Book Review: The Global Expatriates Guide to Investing

Expats tend to be cut from a similar cloth. We tend to be relatively young, and adventurous, but otherwise we come from a variety of different backgrounds. To this day, when traveling I enjoy staying in youth hostels simply to hang out with the different sorts of expats that pile in from all around the world.

However, occasionally I have come across a rarer breed of expat that lives abroad not necessarily just for the thrill of it, but for economic and political reasons as well. People who would be nearing retirement age while still abroad could have benefited from this book. However, it is quite useful for an expat of any age that is interested in investing, or in a pension, but doesn't exactly know how to go about doing it.

Andrew Hallam contacted me regarding his book and this book review (both I had planned to finish over a month ago, but such is life). Honestly, I felt a little apprehensive. While I'm far from being irresponsible about money, the notion of retirement is always one that has irked me personally. Basically, it not only requires that I own up to my own mortality, but also that I accept the notion that one day my body or my mind may deteriorate far below the robust masculine prowess (ladies, please...) that I now possess. I saw this planning for an uncertain future as being at odds to the philosophies by which I lived my live.

That said, certainly I'd like to have more money. Who wouldn't? Both many years abroad and the Great Recession has made painfully clear to me the fallibility of any currency. So rather than suffer the effects of inflation by simply leaving my money in the bank, some sort of investment with decent liquidity makes sense right? By viewing this as wealth building rather than retirement saving, I'm able to circumvent the frontal lobe pain that tells me I am somehow being defeatist by investing. Basically, if I'm not going to spend all my cash right NOW. I may as well invest some of it as the usefulness of money sitting in the bank is both going to waste, and potentially not as safe as we may have been led to believe.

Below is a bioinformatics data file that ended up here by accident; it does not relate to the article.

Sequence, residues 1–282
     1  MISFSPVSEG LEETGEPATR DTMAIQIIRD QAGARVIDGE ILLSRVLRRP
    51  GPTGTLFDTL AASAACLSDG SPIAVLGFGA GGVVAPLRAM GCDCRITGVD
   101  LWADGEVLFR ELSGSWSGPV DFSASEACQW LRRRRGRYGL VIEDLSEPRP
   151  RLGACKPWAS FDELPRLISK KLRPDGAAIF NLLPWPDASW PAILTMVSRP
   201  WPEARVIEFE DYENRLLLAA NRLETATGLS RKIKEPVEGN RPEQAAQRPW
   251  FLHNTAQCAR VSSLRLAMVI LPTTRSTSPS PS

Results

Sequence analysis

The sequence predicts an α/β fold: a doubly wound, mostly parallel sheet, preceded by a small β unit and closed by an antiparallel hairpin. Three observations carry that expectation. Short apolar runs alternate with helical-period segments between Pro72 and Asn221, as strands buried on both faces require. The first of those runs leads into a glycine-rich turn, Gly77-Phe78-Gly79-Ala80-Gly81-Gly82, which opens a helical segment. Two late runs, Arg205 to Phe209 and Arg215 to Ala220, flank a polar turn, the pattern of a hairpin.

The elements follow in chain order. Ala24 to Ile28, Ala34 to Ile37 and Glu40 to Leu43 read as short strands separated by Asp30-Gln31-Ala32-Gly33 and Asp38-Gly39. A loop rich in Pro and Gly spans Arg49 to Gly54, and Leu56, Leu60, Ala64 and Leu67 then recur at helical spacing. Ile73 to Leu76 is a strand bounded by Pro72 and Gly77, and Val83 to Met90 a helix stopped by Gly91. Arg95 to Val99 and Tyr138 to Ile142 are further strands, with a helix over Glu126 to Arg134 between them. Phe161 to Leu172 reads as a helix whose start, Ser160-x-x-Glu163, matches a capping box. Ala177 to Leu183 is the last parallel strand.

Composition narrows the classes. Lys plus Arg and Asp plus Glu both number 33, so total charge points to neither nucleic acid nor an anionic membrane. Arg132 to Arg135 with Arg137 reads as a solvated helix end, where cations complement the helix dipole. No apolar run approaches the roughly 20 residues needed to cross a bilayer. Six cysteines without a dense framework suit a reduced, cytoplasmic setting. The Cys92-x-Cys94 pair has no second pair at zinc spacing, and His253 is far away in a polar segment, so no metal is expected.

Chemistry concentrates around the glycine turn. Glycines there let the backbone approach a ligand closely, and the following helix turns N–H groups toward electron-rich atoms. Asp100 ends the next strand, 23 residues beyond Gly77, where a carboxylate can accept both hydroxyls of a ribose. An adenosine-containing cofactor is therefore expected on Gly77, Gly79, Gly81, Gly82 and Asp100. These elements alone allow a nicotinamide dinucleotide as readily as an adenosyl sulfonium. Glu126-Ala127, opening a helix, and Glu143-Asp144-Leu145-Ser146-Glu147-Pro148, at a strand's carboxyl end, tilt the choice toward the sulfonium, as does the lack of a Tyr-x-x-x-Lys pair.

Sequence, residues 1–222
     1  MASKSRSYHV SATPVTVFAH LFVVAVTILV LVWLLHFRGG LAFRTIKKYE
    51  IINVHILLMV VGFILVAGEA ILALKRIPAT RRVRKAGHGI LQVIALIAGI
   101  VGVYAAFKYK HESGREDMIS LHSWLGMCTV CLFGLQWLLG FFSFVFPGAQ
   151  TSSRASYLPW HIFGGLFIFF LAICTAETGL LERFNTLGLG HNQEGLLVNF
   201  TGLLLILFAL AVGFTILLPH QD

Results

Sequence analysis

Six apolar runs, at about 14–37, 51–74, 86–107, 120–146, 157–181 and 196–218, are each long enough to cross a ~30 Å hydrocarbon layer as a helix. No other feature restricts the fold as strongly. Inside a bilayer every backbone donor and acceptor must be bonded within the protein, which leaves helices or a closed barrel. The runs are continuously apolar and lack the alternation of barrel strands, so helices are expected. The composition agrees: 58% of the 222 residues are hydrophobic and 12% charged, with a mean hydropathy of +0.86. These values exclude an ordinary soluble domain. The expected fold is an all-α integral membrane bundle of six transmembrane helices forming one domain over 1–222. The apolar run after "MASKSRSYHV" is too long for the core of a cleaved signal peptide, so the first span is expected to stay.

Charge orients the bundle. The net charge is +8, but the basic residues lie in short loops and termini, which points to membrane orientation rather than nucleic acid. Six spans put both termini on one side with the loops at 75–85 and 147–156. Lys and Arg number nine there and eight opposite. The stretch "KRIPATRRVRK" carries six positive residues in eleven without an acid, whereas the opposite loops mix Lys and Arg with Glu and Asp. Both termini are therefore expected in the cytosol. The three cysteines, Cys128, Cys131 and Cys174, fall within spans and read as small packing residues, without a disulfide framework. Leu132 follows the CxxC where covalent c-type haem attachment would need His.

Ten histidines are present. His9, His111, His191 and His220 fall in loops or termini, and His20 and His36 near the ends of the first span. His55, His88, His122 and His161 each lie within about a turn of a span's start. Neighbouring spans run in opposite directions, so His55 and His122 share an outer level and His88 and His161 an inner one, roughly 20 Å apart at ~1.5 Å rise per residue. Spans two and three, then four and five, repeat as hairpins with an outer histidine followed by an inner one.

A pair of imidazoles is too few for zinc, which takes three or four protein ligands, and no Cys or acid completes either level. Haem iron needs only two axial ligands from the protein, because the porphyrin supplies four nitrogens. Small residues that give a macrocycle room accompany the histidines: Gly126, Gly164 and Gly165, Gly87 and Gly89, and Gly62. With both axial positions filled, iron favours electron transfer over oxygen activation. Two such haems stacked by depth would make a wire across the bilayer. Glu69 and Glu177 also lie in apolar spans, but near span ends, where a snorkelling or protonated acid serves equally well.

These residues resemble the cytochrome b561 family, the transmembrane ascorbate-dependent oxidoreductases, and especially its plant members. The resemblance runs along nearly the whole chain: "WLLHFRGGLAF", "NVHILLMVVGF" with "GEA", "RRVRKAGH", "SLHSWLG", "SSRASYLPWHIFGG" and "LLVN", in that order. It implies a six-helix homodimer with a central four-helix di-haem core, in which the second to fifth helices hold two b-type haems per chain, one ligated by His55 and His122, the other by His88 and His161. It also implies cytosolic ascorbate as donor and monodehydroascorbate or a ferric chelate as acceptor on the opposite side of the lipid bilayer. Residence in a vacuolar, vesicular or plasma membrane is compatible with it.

I shouldn't imagine myself like this...
In his book Hallam carefully deconstructs the concepts behind commissions, returns, and the reliability (or rather lack thereof) of a variety of different financial products... Financial products... Nope that doesn't roll off my tongue any easier then I thought it would before. Anyway, the long story made short, the TLDR is this: Don't believe what most financial advisers tell you, don't buy into overseas pension schemes, and do take control of your own investments if at all possible. It's easier (apparently) to cut out middlemen if you stick to one of a variety of strategies that Hallam details in his book. Some light extra research validated many of Hallam's claims, and his ample citations and directions for readers leave little doubt in the wisdom he shares. While I for one would have liked to get his take on the implications of FATCA for expatriate investors (American or otherwise) as this law seems to have it's thumbs in everyone's pie and could prove to be a significant hurtle, Hallam's advice appears to be equally useful for those who have repatriated, or even those who never left their home country to begin with. Based on prudence, patience, and dispassionate consideration Hallam shows that it might not be as hard as it seems to get into investing, regardless of your situation.